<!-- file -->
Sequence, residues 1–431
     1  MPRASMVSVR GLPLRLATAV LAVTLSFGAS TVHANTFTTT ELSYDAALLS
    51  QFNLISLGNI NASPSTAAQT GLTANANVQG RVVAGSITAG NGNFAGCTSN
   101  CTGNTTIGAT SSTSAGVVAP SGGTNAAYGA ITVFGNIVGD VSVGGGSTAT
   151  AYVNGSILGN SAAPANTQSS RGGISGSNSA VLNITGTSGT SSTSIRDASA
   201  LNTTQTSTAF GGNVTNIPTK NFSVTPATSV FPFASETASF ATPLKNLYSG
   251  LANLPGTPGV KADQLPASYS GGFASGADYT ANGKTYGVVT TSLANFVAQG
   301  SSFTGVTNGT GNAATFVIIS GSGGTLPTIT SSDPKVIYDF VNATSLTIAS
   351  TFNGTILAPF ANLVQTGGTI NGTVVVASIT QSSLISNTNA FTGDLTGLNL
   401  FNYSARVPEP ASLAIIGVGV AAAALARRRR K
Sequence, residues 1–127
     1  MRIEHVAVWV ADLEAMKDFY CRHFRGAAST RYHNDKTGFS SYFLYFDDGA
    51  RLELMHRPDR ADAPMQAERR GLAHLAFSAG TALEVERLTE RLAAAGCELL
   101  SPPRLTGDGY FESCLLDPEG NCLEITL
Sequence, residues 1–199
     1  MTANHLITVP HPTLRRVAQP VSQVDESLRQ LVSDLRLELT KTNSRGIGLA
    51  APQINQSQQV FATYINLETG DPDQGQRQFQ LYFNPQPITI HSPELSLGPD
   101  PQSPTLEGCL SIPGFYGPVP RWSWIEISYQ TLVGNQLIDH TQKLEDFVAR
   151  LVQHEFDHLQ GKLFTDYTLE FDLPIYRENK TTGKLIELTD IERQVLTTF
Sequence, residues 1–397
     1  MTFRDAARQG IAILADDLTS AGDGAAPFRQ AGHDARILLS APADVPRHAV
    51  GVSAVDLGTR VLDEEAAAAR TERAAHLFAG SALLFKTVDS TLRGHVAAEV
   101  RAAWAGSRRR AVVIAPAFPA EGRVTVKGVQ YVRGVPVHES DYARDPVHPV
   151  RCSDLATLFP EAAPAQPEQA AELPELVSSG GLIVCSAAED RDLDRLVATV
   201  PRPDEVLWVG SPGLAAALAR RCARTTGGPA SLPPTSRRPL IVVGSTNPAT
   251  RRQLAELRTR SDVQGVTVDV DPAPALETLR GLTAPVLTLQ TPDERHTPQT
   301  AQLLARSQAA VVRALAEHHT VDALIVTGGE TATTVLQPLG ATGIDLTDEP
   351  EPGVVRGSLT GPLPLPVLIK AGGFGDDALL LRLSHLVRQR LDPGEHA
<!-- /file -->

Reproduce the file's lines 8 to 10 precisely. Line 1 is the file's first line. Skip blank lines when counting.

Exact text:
   301  SSFTGVTNGT GNAATFVIIS GSGGTLPTIT SSDPKVIYDF VNATSLTIAS
   351  TFNGTILAPF ANLVQTGGTI NGTVVVASIT QSSLISNTNA FTGDLTGLNL
   401  FNYSARVPEP ASLAIIGVGV AAAALARRRR K